Children can learn about gravity, light waves and electricity by conducting simple, yet interesting, science projects. The projects do not involve complicated math equations or expensive materials and are enjoyable for children and adults. You can find most items for these experiments in the cupboard, on your vanity or in the toy box.
Bounce Up Clown
Children can learn about gravity by constructing a bounce up clown. Construct the clown by cutting a ping pong ball in half. Fill half of the ping pong ball with modeling clay and press it down. Cut a piece of construction paper about 6 inches long and roll it into a tube to fit over the half of the ping pong ball with the clay inside. Tape the paper to hold it in the form of a cylinder; a small toilet paper roll will also work. Decorate the paper cylinder by drawing colorful clown clothes and a face. Cut out paper arms and funny feet and glue them to the cylinder. Place the decorated cylinder on top of the clay filled half of the ping pong ball and tape it in place. Now place the clown on a level floor or table and tip him over. The clown will bounce right back up. The reason this happens is because the Earth's gravity pulls on the base of the clown to make him stand up. When the base is pulled down, the top of the clown flip upward.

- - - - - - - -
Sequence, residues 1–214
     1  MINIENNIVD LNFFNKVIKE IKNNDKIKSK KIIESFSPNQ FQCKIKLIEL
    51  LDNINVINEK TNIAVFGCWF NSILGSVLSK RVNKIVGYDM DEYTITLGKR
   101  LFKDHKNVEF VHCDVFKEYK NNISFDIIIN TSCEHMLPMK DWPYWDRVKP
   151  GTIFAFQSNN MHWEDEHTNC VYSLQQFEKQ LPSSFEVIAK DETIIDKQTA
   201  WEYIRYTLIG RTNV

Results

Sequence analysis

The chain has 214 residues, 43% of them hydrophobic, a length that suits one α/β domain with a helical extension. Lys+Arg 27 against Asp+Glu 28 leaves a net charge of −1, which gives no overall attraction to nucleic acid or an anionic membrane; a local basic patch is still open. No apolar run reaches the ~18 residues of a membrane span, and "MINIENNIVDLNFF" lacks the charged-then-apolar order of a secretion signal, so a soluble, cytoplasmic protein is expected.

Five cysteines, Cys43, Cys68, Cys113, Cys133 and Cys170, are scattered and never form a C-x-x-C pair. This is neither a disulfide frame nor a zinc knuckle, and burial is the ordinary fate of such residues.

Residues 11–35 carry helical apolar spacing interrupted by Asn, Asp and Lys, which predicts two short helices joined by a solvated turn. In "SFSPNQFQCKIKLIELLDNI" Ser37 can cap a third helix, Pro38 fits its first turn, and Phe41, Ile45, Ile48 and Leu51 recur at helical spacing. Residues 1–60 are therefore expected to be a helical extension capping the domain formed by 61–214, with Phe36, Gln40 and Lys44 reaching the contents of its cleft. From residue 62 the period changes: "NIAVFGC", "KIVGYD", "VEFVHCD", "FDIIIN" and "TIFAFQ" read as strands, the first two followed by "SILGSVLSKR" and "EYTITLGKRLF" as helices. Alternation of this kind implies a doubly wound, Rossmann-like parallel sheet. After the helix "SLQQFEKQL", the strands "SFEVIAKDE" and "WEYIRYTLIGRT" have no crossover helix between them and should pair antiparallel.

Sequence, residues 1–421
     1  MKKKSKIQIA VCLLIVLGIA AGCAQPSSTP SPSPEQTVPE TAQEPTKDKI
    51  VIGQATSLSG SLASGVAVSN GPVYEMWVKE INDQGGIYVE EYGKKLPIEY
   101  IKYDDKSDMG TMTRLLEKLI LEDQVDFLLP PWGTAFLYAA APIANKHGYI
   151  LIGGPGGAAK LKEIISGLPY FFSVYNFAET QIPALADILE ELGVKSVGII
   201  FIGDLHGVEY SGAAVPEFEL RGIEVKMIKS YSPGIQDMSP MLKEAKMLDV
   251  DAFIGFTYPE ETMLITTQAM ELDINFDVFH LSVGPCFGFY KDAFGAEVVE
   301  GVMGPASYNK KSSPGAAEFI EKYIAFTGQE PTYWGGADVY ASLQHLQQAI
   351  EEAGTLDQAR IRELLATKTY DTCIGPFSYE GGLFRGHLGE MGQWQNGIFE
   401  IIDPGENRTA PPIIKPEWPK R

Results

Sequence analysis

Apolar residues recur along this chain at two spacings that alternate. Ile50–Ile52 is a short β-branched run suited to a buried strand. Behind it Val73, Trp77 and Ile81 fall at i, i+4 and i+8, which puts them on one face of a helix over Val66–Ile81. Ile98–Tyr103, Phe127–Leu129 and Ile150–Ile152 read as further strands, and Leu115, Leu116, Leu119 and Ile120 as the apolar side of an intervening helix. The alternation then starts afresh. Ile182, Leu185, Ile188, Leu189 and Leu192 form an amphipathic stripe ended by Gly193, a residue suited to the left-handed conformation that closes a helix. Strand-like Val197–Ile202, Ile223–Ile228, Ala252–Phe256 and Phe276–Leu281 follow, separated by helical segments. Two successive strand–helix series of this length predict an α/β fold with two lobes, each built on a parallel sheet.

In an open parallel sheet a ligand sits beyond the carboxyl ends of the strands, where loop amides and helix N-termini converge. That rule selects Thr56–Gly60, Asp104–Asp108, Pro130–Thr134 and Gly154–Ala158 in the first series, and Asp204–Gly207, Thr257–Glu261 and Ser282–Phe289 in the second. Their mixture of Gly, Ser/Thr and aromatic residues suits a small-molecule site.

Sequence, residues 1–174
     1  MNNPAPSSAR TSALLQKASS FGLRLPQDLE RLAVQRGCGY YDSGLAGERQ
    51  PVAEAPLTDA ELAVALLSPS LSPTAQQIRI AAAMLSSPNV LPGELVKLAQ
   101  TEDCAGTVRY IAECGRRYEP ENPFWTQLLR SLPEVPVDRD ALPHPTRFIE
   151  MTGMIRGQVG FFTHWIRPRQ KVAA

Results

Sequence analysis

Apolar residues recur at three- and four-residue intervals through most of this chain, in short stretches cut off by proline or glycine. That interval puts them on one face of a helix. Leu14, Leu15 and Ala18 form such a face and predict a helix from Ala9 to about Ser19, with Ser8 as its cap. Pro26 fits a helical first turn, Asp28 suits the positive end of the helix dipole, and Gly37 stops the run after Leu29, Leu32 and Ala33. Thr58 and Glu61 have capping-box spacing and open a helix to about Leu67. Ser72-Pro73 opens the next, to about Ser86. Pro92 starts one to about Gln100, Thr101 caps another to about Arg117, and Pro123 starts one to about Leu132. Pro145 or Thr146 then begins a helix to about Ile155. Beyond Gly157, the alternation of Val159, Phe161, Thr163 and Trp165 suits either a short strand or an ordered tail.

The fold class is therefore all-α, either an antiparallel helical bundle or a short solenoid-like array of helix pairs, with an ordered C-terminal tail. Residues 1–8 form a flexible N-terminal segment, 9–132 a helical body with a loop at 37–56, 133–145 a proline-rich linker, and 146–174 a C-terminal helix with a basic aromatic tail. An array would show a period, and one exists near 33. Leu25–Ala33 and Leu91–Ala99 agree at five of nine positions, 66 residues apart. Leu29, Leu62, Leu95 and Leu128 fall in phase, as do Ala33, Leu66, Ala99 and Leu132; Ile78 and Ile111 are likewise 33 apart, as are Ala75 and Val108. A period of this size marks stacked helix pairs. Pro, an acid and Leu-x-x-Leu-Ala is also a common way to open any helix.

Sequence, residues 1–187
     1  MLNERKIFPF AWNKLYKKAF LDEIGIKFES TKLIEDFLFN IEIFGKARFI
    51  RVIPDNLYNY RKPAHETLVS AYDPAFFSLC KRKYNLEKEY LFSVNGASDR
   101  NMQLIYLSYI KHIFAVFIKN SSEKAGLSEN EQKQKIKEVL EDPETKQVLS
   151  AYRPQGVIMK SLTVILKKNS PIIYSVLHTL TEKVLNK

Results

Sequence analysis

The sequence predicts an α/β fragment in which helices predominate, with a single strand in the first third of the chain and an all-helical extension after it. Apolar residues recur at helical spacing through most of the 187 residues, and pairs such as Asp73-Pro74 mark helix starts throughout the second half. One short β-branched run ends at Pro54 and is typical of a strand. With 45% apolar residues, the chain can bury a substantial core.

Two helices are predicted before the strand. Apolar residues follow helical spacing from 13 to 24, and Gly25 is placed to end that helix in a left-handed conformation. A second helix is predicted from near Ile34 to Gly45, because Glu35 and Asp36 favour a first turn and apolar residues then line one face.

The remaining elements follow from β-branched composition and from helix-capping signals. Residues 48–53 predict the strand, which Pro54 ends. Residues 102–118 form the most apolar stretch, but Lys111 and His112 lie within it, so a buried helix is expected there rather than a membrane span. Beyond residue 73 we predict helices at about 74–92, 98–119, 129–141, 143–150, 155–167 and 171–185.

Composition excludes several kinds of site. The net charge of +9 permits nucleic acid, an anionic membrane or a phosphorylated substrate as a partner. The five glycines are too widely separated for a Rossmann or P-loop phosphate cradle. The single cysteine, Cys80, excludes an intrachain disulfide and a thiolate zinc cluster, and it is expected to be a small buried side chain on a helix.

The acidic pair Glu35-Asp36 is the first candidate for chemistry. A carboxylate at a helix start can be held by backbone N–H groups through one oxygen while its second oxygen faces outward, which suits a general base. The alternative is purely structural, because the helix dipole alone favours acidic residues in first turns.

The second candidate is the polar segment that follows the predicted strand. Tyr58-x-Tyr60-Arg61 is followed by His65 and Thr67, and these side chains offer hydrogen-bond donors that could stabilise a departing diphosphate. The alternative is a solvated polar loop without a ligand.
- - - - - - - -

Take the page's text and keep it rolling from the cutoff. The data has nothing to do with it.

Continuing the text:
Most children are familiar with static electricity. Static electricity is the energy that makes their hair stick up when they comb it, and causes a spark when they touch a door knob after walking across a carpet. Try a simple experiment that uses static electricity to make a light bulb light up. Take a light bulb, a comb and a wool scarf into a room with no windows or a room that can be made dark. Turn off the lights and rub the comb with the wool scarf about 20 or 30 times. Touch the comb to the metal end of the light bulb. The filament in the light bulb will start to glow. This happens because electrons moved from the scarf to the comb causing it to become negatively charged. The electrons then travel from the comb through the light bulb and make the filament glow.
Visible light is made of all the colors of the rainbow. You can use a prism to separate visible light into the different colors, but did you know you can combine the colors back together? Cut out a circle from a piece of white card. Divide the paper circle into three sections. Color one section blue, the second one red and the third section green. Make a small hole in the center of the colored circle. Insert the end of a pencil in the hole and spin the card on the end of the pencil. When the spinner moves very fast, the light is reflected from all the colors so fast that the brain perceives a mixture of all the colors and the eye sees only a white card. Try the experiment with different colors, like orange, purple and yellow to see if you get the same results.
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